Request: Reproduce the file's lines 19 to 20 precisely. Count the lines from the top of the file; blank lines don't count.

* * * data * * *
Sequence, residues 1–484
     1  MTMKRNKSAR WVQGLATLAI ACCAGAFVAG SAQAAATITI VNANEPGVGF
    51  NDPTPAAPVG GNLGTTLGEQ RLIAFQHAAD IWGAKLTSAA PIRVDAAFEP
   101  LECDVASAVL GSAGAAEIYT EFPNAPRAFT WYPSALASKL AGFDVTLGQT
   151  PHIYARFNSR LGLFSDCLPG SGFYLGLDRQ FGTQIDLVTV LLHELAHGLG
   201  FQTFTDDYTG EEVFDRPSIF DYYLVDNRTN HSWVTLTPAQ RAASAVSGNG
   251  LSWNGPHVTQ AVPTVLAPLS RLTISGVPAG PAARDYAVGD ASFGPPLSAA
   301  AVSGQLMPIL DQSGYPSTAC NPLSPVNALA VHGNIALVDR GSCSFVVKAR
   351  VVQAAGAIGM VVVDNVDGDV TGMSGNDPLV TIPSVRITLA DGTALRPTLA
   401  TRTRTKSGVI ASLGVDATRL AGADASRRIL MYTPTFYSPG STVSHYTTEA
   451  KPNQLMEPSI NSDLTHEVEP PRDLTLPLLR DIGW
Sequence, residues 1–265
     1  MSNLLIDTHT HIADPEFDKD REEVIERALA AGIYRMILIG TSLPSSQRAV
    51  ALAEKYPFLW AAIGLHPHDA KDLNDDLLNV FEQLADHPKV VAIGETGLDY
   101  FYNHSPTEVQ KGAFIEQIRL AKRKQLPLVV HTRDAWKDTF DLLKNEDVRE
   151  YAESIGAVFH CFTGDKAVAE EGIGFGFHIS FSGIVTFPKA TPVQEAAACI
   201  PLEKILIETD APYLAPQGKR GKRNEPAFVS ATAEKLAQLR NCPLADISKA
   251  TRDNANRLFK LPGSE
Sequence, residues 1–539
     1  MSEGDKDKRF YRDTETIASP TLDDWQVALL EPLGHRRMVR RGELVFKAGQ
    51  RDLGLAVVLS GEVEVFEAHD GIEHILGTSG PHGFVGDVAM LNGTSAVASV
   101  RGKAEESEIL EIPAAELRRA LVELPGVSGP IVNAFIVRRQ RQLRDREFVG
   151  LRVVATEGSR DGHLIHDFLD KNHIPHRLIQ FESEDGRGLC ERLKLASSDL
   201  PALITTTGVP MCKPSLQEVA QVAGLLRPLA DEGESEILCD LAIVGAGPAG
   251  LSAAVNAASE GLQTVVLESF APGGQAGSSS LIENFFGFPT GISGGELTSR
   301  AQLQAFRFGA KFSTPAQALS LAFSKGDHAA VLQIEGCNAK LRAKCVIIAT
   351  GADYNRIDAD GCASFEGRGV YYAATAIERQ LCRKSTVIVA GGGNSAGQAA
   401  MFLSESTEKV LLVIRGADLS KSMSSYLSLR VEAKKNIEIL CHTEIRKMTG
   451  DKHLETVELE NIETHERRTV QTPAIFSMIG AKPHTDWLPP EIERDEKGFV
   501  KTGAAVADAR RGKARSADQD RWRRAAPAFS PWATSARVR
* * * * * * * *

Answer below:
Sequence, residues 1–539
     1  MSEGDKDKRF YRDTETIASP TLDDWQVALL EPLGHRRMVR RGELVFKAGQ